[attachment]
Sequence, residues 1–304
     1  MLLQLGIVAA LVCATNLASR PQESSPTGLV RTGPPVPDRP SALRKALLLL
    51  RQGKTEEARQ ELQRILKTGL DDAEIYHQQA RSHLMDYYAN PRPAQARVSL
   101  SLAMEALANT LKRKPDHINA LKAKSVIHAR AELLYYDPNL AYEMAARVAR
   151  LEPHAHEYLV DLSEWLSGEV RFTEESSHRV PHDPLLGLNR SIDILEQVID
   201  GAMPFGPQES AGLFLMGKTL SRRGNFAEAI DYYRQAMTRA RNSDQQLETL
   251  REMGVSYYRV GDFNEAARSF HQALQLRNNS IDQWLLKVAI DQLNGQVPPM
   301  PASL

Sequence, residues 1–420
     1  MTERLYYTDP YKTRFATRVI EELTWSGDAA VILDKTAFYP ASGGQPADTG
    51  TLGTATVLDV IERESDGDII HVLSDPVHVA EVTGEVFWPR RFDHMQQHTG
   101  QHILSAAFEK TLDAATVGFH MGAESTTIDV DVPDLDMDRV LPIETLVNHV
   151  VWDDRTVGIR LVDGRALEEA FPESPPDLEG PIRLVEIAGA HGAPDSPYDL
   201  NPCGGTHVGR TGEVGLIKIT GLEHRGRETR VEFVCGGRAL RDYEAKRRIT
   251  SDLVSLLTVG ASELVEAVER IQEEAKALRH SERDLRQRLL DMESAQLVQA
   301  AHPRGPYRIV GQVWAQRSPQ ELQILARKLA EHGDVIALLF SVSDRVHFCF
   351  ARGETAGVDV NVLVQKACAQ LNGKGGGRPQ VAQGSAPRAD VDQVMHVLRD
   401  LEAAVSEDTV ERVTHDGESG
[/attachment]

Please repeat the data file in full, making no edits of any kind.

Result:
Sequence, residues 1–304
     1  MLLQLGIVAA LVCATNLASR PQESSPTGLV RTGPPVPDRP SALRKALLLL
    51  RQGKTEEARQ ELQRILKTGL DDAEIYHQQA RSHLMDYYAN PRPAQARVSL
   101  SLAMEALANT LKRKPDHINA LKAKSVIHAR AELLYYDPNL AYEMAARVAR
   151  LEPHAHEYLV DLSEWLSGEV RFTEESSHRV PHDPLLGLNR SIDILEQVID
   201  GAMPFGPQES AGLFLMGKTL SRRGNFAEAI DYYRQAMTRA RNSDQQLETL
   251  REMGVSYYRV GDFNEAARSF HQALQLRNNS IDQWLLKVAI DQLNGQVPPM
   301  PASL

Sequence, residues 1–420
     1  MTERLYYTDP YKTRFATRVI EELTWSGDAA VILDKTAFYP ASGGQPADTG
    51  TLGTATVLDV IERESDGDII HVLSDPVHVA EVTGEVFWPR RFDHMQQHTG
   101  QHILSAAFEK TLDAATVGFH MGAESTTIDV DVPDLDMDRV LPIETLVNHV
   151  VWDDRTVGIR LVDGRALEEA FPESPPDLEG PIRLVEIAGA HGAPDSPYDL
   201  NPCGGTHVGR TGEVGLIKIT GLEHRGRETR VEFVCGGRAL RDYEAKRRIT
   251  SDLVSLLTVG ASELVEAVER IQEEAKALRH SERDLRQRLL DMESAQLVQA
   301  AHPRGPYRIV GQVWAQRSPQ ELQILARKLA EHGDVIALLF SVSDRVHFCF
   351  ARGETAGVDV NVLVQKACAQ LNGKGGGRPQ VAQGSAPRAD VDQVMHVLRD
   401  LEAAVSEDTV ERVTHDGESG